The Saturday Rumpus Interview: Tara Laskowski


Tara Laskowski is a name most flash fiction writers and readers will recognize. She is the editor of SmokeLong Quarterly, a prominent journal dedicated to flash fiction. She is the author of Modern Manners For Your Inner Demons (Matter Press 2012), and her fiction has been published in Ellery Queen’s Mystery Magazine, Alfred Hitchcock’s Mystery Magazine, Mid-American Review, the Norton anthology Flash Fiction International, and numerous other journals, magazines, and anthologies.

Laskowski’s new collection of short stories, Bystanders, feels as though each main character is dropped right in the middle of an utterly life changing event—but the life changing event doesn’t happen to the main character. Although it’s not a collection of flash, the stories within Bystanders contain the familiarity and heightened tension associated with the form. Each story involves characters who are on the periphery, people who have been watching the lives of others take place around them. The notion of stories centered on bystanders may sound counterintuitive to those of us who write fiction. We are taught that our characters must have agency, must do something, and then the rest of the plot may fall where it does in relation to that act. Good things or, more often, bad things happen as a result. Bystanders brilliantly challenges that notion, asking how the terrible things that occur to others eventually affect people and therefore cause them to act.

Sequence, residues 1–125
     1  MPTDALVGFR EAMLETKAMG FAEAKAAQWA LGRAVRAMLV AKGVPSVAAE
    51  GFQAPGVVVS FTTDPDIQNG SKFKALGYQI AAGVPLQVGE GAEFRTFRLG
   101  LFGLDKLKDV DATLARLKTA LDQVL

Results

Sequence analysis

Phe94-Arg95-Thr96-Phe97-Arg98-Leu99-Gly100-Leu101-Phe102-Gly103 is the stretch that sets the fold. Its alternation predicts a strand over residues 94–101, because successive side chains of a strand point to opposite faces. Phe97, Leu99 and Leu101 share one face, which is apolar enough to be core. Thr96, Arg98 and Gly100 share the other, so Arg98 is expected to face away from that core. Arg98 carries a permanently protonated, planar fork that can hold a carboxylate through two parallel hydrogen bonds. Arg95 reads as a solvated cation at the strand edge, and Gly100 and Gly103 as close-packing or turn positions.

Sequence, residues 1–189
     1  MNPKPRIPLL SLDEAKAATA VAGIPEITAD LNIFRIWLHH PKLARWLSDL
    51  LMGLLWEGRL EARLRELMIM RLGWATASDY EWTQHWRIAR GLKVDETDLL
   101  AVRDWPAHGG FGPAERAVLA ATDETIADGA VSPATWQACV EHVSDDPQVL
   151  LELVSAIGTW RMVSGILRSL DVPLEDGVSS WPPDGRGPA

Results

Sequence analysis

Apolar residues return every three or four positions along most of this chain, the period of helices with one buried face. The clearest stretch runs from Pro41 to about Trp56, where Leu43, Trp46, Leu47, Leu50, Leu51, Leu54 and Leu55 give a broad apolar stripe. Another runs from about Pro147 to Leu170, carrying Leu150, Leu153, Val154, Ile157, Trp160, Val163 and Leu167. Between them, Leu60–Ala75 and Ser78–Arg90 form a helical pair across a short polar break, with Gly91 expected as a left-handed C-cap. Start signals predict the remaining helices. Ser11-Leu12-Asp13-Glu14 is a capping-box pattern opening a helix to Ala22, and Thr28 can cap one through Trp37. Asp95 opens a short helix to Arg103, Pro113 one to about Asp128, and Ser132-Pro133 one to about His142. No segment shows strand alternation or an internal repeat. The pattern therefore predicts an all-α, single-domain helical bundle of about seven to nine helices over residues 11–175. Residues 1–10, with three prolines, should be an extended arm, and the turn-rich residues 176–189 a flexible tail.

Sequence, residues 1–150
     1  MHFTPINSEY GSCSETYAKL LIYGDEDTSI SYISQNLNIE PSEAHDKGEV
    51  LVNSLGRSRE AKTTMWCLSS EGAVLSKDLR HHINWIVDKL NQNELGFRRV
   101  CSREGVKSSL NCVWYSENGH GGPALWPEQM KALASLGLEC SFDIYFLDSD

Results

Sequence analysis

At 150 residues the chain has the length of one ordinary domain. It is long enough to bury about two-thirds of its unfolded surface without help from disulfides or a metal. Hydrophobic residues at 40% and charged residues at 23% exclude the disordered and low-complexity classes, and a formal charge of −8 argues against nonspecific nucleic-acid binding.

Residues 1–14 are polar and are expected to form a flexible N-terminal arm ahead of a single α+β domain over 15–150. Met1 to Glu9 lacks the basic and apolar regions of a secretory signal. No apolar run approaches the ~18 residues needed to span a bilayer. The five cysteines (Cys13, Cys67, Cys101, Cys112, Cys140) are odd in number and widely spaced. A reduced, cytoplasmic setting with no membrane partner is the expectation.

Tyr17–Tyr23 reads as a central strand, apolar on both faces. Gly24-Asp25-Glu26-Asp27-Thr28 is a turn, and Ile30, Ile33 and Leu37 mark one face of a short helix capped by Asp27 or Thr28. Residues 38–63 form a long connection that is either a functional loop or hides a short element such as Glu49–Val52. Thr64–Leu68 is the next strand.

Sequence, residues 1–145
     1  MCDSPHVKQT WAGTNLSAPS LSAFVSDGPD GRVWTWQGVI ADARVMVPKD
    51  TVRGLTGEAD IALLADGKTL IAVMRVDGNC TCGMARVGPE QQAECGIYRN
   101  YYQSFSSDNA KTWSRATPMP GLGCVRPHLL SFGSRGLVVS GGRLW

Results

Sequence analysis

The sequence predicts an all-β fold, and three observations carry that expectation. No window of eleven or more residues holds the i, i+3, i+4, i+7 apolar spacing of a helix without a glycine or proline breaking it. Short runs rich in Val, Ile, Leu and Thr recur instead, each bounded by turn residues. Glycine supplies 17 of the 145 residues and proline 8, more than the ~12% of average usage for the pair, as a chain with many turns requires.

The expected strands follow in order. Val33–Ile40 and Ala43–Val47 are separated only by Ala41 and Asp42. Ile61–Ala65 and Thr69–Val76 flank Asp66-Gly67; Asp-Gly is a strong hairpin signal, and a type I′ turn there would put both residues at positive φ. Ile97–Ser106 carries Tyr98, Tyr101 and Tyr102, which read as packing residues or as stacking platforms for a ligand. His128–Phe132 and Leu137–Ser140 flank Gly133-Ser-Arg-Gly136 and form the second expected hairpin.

I first met Laskowski online via a network of fellow female-identifying and non-binary writers from the Washington DC metro area. For Barrelhouse Magazine’s Conversation and Connections conference this year, Laskowski and I, along with Abigail Beckel of Rose Metal Press, worked on a panel about flash novellas and the use of flash techniques when creating longer works of fiction and nonfiction. I felt a certain kinship with Laskowski, a fellow mom with a non-teaching day job like myself, as I continued to get to know her and her work. After reading Bystanders, I had several questions for her about bystanders, her choice not to write flash, the conversation surrounding parenthood and its impact on creativity, horror stories, baby monitors, and a little diddy ‘bout Jack and Diane.


The Rumpus: I know you as a writer of flash fiction, but this collection, although there are definitely flash influences, is not a collection of flash stories. What was your inspiration in deviating from the form? Was it a conscious decision or was this something that occurred organically?